UW-Madison ECON 101 - Practical propensity score matching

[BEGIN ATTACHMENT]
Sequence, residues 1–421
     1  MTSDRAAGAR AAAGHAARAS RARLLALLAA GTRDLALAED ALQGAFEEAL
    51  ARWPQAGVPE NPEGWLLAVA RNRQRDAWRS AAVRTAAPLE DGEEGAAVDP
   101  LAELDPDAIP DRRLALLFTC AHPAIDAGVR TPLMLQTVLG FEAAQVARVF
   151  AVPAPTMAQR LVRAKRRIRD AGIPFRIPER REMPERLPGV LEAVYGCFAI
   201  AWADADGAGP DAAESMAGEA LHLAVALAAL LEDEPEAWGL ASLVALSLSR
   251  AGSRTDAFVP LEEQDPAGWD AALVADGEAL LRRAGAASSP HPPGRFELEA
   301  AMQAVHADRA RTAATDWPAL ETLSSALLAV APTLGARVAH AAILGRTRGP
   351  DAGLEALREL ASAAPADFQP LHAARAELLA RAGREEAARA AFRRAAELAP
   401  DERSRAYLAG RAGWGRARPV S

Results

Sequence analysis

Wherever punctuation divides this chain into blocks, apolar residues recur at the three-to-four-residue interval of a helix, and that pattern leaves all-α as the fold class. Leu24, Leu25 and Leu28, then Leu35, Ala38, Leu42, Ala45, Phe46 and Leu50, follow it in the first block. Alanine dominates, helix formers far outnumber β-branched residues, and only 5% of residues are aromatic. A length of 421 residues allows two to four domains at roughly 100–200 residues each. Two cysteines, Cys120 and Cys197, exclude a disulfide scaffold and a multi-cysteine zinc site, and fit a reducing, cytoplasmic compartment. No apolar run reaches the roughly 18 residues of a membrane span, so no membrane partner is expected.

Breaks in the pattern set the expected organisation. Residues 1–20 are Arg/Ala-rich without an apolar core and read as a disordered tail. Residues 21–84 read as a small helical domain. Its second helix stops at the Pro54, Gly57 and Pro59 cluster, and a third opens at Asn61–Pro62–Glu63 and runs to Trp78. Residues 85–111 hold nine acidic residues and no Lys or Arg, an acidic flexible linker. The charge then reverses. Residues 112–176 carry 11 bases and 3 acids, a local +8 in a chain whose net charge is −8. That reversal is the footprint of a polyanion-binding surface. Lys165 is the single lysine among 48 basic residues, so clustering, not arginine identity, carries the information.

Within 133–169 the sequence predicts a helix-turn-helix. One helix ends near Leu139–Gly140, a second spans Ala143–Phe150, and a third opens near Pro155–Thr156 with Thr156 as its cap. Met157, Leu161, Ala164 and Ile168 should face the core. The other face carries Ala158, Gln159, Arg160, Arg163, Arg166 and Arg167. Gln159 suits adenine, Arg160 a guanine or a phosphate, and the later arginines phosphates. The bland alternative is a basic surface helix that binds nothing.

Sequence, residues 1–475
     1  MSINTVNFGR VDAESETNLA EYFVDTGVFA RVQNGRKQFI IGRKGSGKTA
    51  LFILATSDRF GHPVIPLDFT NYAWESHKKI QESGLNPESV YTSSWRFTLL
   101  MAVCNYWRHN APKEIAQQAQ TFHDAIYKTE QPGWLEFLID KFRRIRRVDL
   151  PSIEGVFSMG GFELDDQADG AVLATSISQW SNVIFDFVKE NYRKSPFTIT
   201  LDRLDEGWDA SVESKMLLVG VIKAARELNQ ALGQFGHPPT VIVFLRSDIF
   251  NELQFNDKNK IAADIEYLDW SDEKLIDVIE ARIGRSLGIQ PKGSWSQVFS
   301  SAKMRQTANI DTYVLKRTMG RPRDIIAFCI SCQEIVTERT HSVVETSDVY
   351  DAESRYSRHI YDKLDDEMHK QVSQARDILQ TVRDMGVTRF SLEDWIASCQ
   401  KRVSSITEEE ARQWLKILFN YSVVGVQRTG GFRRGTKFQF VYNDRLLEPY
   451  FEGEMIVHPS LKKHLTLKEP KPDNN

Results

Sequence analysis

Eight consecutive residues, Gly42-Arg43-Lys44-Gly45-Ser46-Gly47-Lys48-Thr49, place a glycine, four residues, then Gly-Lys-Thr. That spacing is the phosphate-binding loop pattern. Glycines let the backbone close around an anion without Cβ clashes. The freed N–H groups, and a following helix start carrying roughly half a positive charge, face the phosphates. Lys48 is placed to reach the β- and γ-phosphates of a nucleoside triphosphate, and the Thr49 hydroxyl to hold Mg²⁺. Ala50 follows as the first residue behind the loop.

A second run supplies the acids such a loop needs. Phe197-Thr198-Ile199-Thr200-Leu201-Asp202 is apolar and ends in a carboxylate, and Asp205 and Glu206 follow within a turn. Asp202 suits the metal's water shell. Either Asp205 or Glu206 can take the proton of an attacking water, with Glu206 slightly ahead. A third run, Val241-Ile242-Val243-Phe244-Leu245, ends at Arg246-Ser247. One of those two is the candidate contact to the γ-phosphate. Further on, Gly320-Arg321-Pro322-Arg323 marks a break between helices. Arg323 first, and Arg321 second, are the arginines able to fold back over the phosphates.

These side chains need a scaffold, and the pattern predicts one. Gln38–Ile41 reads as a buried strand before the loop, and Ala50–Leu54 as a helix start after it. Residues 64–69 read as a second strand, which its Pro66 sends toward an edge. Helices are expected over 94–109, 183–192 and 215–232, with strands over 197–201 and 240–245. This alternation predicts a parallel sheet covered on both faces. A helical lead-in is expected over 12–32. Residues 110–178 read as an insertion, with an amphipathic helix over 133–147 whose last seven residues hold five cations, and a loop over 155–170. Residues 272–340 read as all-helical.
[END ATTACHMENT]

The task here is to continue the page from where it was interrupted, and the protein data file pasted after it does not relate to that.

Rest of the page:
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ARTICLE IN PRESS Journal of Econometrics 125 2005 355 364 www elsevier com locate econbase Practical propensity score matching a reply to Smith and Todd Rajeev Dehejiaa b a Department of Economics and SIPA Columbia University 420W 118th street Room 1022 New York NY10027 USA b NBER 1050 Massachusetts Avenue Cambridge MA 02138 USAAvailable online 15 June 2004 Abstract This paper discusses propensity score matching in the context of Smith and Todd s Does matching overcome Lalonde s critique of nonexperimental estimators J Econom in press reanalysis of Dehejia and Wahba J Am Statist Assoc 97 1999 1053 National Bereau of Economics Research working Paper No 6829 Rev Econom Statist 2002 forthcoming Propensity score methods require that a separate propensity score speci cation be estimated for each treatment group comparison group combination Furthermore a researcher should always examine the sensitivity of the estimated treatment effect to small changes in the propensity score speci cation this is a useful diagnostic on the quality of the comparison group When these are borne in mind propensity score methods are useful in analyzing all of the subsamples of the NSW data considered in Smith and Todd Does matching overcome Lalonde s critique of nonexperimental estimators J Econom in press r 2004 Elsevier B V All rights reserved Keywords Causal inference Non experimental methods Program evaluation Labor training 1 Introduction This paper discusses propensity score matching in the context of Smith and Todd s 2004 reanalysis of Dehejia and Wahba 1999 2002 Smith and Todd s paper makes some useful contributions to the literature on propensity score matching 1 In Corresponding author Department of Economics and SIPA Columbia University 420 W 118th Street Room 1022 New York NY 10027 USA Fax 1 212 854 8059 E mail address rd247 columbia edu R Dehejia 1 The propensity score was rst introduced by Rosenbaum and Rubin 1983 See also Rosenbaum and Rubin 1984 1985 Rubin and Thomas 1992a b 1996 Heckman et al 1997 1998a b and Dehejia and Wahba 1999 2002 On non propensity score matching methods see Rubin 1973 1976a b 1979 and Abadie and Imbens 2001 0304 4076 see front matter r 2004 Elsevier B V All rights reserved doi 10 1016 j jeconom 2004 04 012 ARTICLE IN PRESS 356 R Dehejia Journal of Econometrics 125 2005 355 364 particular their application of difference in differences propensity score matching illustrates an interesting technique However their paper also illustrates some of the mistakes that are often made when applying propensity score methods In this paper I will address three of these issues First I draw attention to some elements of Dehejia and Wahba 1999 2002 that are misinterpreted or overlooked by Smith and Todd Second I address the issue of propensity score speci cation Propensity score methods require that a different speci cation be selected for each treatment group comparison group combination Smith and Todd misapply the speci cations Dehejia and Wahba selected for their samples to two samples for which the speci cations are not necessarily appropriate With suitable speci cations selected for these alternative samples more accurate estimates can be obtained Third I address the issue of sensitivity of the results to changes in the speci cation of the propensity score Presumably the goal in using any estimator is to have a sense of the contexts in which it should perform well and to have diagnostics that will raise a red ag when the technique is not working Sensitivity of the estimates to small changes in the speci cation is the most basic check that a researcher should perform In this sense propensity score methods work for the National Supported Work Demonstration NSW data For the Dehejia Wahba sample these methods produce reliable and robust estimates For the original Lalonde sample and the Smith Todd sample these methods exclude themselves from the running because of sensitivity to changes in the speci cation The plan of the paper is as follows Section 2 brie y reviews the Dehejia and Wahba articles Section 3 reexamines the propensity score estimates under new speci cations Section 4 examines sensitivity of the estimates to changes in the speci cation Section 5 concludes 2 Rereading Dehejia and Wahba There are two features of Dehejia and Wahba 1999 2002 that merit emphasis in the context of Smith and Todd 2004 First Dehejia and Wahba 1999 2002 nowhere claim that matching estimators provide a magic bullet Smith and Todd 2004 method for evaluating social experiments Instead these papers conclude that y T he methods we suggest are not relevant in all situations There may be important unobservable covariates However rather than giving up or relying on assumptions about the unobserved variables there is substantial reward in exploring rst the information contained in the variables that are observed In this regard propensity score methods can offer both a diagnostic on the quality of the comparison group and a means to estimate the treatment impact Dehejia and Wahba 1999 p 1062 and y t he methods that we discuss in this paper should be viewed as a complement to the standard techniques in the researcher s arsenal By starting with a ARTICLE IN PRESS R Dehejia Journal of Econometrics 125 2005 355 364 357 propensity score analysis the researcher will have a better sense of the extent to which the treatment and comparison groups overlap and consequently of how sensitive estimates will be to the choice of functional form Dehejia and Wahba 2002 p 106 2 Nor do Dehejia and Wahba 1999 2002 claim that propensity score methods always provide a reliable method for estimating the treatment effect in non experimental studies Instead they demonstrate that propensity score methods can reliably estimate treatment effects and they then try to establish some features of situations in which these methods might work Among these they identify observing more than 1 year of pre treatment earnings information as important This observation is a natural implication of Ashenfelter s 1978 and Ashenfelter and Card s 1985 ndings in the training literature and is also congruent with the ndings of Heckman et al 1998a Second Smith and Todd s observation that propensity score methods do not yield robustly accurate estimates of the treatment effect for Lalonde s original sample is implicit in Dehejia and Wahba 1999 2002 Dehejia and Wahba create their subsample from Lalonde s data in order to obtain two years of pre treatment